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Ontario Auditor General slams P3 hospital financing

Total of $394 million more to build Brampton through private consortium; audit sought for Royal Ottawa's P3 deal.

The hugely expensive Brampton Hospital would have been cheaper as a fully public project.OTTAWA, January 25, 2009 — Health experts are demanding an investigation of the Royal Ottawa Mental Health Centre, after Ontario's auditor general said the province's first privately financed hospital in Brampton would have cost millions of dollars less if it had been publicly built.

Auditor general Jim McCarter found that cost estimates for a government-built hospital were inflated to justify building the $614-million Brampton Civic Hospital through a private consortium. The consortium — the Healthcare Infrastructure Company of Canada — is the same group that built Royal Ottawa and runs its non-medical services.

Brampton Civic, which was conceived as a 716-bed hospital, opened with 479 beds in October 2007. Two months later, public protests over medical deficiencies and shortages of beds and staff forced the Ontario government to appoint a supervisor to run the hospital.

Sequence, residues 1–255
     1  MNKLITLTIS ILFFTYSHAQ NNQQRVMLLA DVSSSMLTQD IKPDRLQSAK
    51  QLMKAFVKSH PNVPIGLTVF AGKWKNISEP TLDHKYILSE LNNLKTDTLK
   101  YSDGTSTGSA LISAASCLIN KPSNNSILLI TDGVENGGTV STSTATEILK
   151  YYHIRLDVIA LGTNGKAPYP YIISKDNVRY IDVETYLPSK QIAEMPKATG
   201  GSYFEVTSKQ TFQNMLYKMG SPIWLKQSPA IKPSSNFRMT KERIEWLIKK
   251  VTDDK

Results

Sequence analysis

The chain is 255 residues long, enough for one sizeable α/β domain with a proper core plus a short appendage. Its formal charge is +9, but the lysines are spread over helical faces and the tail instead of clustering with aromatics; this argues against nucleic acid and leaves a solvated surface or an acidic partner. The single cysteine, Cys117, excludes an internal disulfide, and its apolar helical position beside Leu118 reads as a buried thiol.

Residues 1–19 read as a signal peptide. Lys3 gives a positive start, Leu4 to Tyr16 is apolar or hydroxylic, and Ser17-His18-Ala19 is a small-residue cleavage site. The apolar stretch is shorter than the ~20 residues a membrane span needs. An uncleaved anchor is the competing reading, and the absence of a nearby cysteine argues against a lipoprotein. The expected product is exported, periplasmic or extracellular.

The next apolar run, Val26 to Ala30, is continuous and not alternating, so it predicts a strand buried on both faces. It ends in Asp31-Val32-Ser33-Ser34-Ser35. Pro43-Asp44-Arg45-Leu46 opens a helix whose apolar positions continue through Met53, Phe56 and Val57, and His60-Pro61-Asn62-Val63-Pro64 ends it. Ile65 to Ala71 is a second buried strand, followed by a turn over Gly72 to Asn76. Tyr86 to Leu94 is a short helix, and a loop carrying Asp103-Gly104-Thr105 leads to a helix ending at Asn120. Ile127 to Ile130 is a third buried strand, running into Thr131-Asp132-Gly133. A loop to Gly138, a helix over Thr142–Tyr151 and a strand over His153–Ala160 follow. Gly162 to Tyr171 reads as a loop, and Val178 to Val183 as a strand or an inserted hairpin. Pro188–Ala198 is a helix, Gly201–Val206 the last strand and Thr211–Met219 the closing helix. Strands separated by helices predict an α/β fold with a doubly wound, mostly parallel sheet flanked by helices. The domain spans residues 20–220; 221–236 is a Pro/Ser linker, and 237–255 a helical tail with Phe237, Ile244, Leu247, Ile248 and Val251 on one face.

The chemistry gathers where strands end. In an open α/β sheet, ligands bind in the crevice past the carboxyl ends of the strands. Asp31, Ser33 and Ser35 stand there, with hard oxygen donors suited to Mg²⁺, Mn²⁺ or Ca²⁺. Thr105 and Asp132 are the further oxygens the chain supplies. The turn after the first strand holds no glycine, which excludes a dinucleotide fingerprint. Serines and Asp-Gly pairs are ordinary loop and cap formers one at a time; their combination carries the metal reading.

The auditor general found that allowing a private consortium to build the hospital and operate its non-medical services cost Ontario taxpayers $194 million more (in 2003 dollars) than if it had been publicly built and run. As well, taxpayers would have saved $200 million over the life of the 25-year lease, if the government had borrowed money at the lower interest rate of 5.45 percent to build the hospital, instead of the higher rate paid by the private consortium.

Experts say the auditor general's findings make such disturbing reading, the provincial government should suspend its P3 projects until a full-scale assessment of their value is undertaken. Lewis Auerbach, a P3 consultant and former director in the office of the auditor general of Canada, is worried that with the federal government set to unleash infrastructure spending that could include public-private partnerships, vast sums could be wasted.

More immediately, however, experts and critics alike say a full audit of the Royal Ottawa is imperative. They contend that if the Brampton hospital turned out to be such poor value for money, it is only prudent to subject the Royal Ottawa to similar scrutiny, particularly because the hospital has been very secretive about its P3 contract. . .

To read further. . .

Links and sources
  Audit on Royal Ottawa sought, by Mohammed Adam, The Ottawa Citizen, January 25 2009

Posted: January 29, 2009

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